Plasma Focused Ion Beam Curtaining Artefact

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Aug 7, 2018 - Figure 1: PFIB SEM with rocking mill introduces curtaining artifacts along ... Curtains must be detected and corrected by determining an optimal ...

Plasma Focused Ion Beam Curtaining Artefact Correction Using Fourier-Based Linear Optimization Model Christopher W. Schankula†, supervised by Dr. Christopher Anand† & Dr. Nabil Bassim‡ {schankuc,anandc,bassimn}@mcmaster.ca †

Department of Computing and Software & ‡Department of Materials Science and Engineering, McMaster University 1280 Main St. W, Hamilton, Ontario, Canada L8S 4L8

August 7, 2018 Introduction

Results

One application of Focused Ion Beam Scanning Electron Microscopy (FIB SEM) is a block face serial sectioning tomography technique. This technique provides sophisticated 3D analysis of higher order topology such as tortuosity, connectivity, constrictivity, and bottleneck dimensions [?, ?]. Emerging Xe+ Plasma FIB (PFIB) technology allows imaging of previously infeasible volumes but suffers from extreme straight-line “curtaining” artefacts caused by differences in phase density and milling rates. A rocking mill technique is used to mitigate these effects, creating the straight-line artifact at two discrete angles [?] (see fig. ??). Previous works, such as those described in [?] & [?], correct only single-direction, often vertical, curtaining artifacts. Correcting these artifacts is crucial for further quantitative analysis, which often requires accurate segmentation.

Our optimization method effectively removes curtains along the two given angles, without introducing incorrect structure into the image or reducing the contrast of voids.

Figure 3: Curtains along -1◦ (approximated by 0◦ in calculations) and 7◦ angles are effectively removed from homogenous and non-homogenous areas of the concrete PFIB image (left: original image, right: corrected image).

Figure 1: PFIB SEM with rocking mill introduces curtaining artifacts along two discrete angles, seen here in a concrete dataset with curtains along 7◦ and -1◦ rotations from the vertical.

Fourier Basis Curtains must be detected and corrected by determining an optimal pixel value to fill in. In order to correct artifacts along an angle without affecting other structures, we construct a Fourier basis:     N X 2πi 2πi (uθx x + uθy y ) + bθ,i sin (uθx x + uθy y ) Fθ (x, y ) = a0 + aθ,i cos W W i=1 Figure 4: A simple histogram-based segmentation of concrete before and after curtaining removal. Segmented pixels are shown in red. The curtaining-corrected image has a greatly reduced number of false positives and false negatives.

0◦

Conclusions & Future Work 7◦ i =0

i =1

i =3

i =5

i =9

Figure 2: Visualization of Fourier basis used to correct curtains in specific directions without affecting other structures.

Linear Optimization Model We seek to multiplicatively construct a corrected image portion, J, from the original image portion I : X J(x, y ) = I (x, y ) · Fθ (x, y ) θ

by solving for optimal aθ,0, bθ,1...aθ,N , bθ,N : X X minimize |1 − F (x, y )| |J(x + 1, y ) − J(x, y )| + λ x,y ∈box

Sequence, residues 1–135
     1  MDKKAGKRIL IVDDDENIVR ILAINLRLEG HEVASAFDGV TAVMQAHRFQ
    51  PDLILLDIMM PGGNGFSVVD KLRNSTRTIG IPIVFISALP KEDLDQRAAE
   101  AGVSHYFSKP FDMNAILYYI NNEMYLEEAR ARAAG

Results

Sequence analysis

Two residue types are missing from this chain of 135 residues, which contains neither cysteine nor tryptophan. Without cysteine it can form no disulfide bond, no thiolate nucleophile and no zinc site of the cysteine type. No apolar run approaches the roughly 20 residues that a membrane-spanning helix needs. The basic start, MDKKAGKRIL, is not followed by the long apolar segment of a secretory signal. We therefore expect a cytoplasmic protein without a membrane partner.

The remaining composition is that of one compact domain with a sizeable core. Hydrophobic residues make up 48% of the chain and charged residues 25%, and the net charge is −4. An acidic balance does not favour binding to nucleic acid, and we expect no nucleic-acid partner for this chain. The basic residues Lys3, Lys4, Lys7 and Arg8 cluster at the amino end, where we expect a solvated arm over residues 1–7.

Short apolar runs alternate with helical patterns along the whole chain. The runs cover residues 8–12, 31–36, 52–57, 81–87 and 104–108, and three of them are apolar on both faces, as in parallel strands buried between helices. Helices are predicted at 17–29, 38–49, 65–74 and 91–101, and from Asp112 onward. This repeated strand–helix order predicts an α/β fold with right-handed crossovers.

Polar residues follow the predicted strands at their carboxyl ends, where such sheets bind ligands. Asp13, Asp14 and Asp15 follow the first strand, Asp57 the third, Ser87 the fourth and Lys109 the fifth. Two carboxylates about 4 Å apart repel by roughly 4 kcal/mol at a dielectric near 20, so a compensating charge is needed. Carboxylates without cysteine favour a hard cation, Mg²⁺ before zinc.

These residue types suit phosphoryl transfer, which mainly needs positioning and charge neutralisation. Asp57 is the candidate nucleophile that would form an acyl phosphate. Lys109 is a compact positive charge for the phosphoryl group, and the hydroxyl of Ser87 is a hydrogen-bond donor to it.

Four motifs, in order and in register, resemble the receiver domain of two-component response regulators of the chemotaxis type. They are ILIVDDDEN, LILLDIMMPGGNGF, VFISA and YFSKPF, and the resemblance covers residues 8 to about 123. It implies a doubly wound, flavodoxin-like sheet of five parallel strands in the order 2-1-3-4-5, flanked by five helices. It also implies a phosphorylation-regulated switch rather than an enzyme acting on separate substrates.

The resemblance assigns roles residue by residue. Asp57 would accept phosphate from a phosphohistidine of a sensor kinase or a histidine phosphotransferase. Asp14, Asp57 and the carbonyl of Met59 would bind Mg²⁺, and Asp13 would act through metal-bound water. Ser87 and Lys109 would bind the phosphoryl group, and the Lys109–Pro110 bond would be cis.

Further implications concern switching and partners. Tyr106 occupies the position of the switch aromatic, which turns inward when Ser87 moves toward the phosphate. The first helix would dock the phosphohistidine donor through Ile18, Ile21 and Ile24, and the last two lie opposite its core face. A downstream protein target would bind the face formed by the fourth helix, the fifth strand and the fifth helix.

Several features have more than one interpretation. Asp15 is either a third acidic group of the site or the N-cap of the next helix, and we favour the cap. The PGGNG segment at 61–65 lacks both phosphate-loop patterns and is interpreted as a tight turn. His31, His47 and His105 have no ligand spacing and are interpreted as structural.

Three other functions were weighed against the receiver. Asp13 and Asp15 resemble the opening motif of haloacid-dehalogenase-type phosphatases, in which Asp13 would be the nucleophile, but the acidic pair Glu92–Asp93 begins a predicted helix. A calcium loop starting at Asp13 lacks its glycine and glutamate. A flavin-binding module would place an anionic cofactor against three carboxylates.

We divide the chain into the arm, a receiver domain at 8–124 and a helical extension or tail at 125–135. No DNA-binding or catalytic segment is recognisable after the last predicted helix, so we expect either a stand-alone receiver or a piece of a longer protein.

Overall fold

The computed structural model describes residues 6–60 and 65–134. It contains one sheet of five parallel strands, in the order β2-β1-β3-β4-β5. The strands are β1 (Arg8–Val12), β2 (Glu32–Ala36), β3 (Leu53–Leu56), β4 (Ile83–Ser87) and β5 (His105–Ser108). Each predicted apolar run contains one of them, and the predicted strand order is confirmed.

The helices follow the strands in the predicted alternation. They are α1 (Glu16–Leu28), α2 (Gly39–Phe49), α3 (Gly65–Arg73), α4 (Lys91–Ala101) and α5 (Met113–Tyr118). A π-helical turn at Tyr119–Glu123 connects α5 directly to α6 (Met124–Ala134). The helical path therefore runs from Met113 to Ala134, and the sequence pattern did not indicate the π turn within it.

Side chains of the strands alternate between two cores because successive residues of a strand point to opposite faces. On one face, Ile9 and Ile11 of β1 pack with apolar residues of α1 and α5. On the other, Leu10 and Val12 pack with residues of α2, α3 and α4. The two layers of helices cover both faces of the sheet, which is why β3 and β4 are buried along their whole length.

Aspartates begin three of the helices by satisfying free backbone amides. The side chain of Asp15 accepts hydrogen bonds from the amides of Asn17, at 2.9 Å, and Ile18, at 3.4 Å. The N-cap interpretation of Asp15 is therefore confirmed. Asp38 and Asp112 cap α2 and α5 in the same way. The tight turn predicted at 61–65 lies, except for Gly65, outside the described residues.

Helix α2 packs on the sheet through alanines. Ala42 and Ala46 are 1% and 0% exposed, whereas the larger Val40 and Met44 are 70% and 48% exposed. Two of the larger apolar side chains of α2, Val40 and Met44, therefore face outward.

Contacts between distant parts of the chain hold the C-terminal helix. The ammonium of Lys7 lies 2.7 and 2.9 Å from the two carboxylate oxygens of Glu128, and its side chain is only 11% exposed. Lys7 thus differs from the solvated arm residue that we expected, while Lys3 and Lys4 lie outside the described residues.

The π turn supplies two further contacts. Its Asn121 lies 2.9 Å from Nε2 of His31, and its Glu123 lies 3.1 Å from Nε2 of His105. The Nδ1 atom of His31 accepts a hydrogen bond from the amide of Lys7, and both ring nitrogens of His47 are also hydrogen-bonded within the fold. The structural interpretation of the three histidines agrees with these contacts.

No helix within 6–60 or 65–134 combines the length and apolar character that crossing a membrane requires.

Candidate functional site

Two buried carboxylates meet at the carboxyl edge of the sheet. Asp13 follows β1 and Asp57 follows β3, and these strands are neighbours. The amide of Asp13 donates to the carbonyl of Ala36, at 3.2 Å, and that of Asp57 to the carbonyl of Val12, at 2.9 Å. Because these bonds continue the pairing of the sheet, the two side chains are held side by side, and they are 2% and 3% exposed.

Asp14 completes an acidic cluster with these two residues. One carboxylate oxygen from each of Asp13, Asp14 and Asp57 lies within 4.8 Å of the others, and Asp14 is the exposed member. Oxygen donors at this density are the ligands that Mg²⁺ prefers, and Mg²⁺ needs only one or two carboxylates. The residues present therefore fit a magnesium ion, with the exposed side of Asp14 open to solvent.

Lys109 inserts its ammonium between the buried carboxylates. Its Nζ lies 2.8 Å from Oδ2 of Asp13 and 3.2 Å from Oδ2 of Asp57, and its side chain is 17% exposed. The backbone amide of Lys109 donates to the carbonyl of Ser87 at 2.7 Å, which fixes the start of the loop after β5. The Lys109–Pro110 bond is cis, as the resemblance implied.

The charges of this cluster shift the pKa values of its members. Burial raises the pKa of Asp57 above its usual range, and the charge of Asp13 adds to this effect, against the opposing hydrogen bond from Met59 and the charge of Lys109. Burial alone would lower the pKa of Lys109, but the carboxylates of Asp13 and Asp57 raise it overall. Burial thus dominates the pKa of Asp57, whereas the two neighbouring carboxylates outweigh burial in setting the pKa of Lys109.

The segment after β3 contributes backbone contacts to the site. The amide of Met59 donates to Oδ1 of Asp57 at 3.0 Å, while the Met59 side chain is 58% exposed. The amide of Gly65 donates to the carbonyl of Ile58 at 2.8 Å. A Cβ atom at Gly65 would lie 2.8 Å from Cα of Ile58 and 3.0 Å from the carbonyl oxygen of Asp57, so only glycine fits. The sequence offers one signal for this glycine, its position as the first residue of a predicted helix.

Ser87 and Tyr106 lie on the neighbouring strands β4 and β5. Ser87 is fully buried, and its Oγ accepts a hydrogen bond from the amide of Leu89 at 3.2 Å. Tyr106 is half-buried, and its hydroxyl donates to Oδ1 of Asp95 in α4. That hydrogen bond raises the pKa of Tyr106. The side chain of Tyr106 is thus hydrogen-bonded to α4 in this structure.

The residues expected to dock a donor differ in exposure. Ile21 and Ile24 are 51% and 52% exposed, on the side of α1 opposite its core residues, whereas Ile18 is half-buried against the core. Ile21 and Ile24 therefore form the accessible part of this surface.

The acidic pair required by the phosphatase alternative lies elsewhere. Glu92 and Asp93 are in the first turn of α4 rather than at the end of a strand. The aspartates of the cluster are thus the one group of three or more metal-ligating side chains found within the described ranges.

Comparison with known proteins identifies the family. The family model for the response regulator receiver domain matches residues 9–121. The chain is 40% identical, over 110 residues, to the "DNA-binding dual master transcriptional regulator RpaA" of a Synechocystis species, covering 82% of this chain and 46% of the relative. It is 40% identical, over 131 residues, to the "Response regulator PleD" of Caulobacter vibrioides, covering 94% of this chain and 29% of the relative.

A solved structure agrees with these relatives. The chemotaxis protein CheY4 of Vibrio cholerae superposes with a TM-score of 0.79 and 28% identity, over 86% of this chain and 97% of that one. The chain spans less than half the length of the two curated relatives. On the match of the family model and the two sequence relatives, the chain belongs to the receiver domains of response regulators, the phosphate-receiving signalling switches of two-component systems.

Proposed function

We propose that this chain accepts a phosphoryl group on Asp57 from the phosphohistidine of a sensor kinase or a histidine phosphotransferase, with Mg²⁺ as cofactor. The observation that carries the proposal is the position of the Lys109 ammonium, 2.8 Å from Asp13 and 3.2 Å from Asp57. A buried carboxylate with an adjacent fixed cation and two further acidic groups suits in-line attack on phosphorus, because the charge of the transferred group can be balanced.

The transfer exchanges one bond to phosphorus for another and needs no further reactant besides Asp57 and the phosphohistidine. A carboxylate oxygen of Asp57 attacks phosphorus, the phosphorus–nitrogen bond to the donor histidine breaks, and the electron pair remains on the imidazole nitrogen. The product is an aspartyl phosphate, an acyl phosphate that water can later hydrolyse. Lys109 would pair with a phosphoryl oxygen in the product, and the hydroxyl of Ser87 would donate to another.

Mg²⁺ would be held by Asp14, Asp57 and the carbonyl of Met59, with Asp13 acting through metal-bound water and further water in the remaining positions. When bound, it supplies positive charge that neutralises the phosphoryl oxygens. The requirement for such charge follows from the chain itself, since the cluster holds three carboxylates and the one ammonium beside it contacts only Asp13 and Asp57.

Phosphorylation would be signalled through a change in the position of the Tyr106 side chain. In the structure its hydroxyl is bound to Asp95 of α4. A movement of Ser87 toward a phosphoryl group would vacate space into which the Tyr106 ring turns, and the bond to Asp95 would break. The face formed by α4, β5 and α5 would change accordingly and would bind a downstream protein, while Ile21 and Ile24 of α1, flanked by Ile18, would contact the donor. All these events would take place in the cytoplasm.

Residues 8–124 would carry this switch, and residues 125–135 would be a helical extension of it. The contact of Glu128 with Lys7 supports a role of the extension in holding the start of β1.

A

x,y ∈box

B

Our method effectively corrects multi-angle curtaining, without greatly modifying the image histogram or reducing the contrast of voids. Compared to other methods, our method does not introduce new, incorrect structure into the image. Ongoing work aims to improve the computational efficiency of the algorithm, taking advantage of its “embarrassingly parallel” nature. Future work includes exploring the benefit of a comprehensive model of curtaining which leverages rich knowledge about their physical properties. Simultaneous secondary electron images can provide better contrast for the curtains, which may prove useful in improving the detection and correction of deeper curtains. Furthermore, new microscope APIs can be used to enable real-time filtering during acquisition. Acknowledgements The author would like to thank Yasamin Sartipi and Drs. Grandfield, Anand & Bassim for their ongoing inspiration and support in this project, NSERC USRA for funding, and the many people at the CCEM for providing their help and infinite technical knowledge and expertise. References [1] M. Cantoni and L. Holzer, “Advances in 3D focused ion beam tomography,” Mrs Bulletin, vol. 39, no. 4, pp. 354–360, 2014.

subject to |1 − F (x, y )| ≤ α u~ = (cos(θ), sin(θ)) defines a unit vector perpendicular to the curtain N controls the number of waves to use in the correction (N < W to avoid overfitting) W is the width of the image block being processed A penalizes the horizontal L1 difference norm (total variation) of the image B penalizes the overall change of the image λ controls the strength of the filter (higher = less change) α limits the amount of change to individual pixels Christopher W. Schankula Plasma Focused Ion Beam Curtaining Artefact Correction Using Fourier-Based Linear Optimization Model

[2] T. Burnett, R. Kelley, B. Winiarski, L. Contreras, M. Daly, A. Gholinia, M. Burke, and P. Withers, “Large volume serial section tomography by Xe Plasma FIB dual beam microscopy,” Ultramicroscopy, vol. 161, pp. 119 – 129, 2016. [3] J. H. Fitschen, J. Ma, and S. Schuff, “Removal of curtaining effects by a variational model with directional forward differences,” Computer Vision and Image Understanding, vol. 155, pp. 24–32, 2017. [4] B. M¨unch, P. Trtik, F. Marone, and M. Stampanoni, “Stripe and ring artifact removal with combined wavelet—Fourier filtering,” Optics express, vol. 17, no. 10, pp. 8567–8591, 2009.

McMaster University

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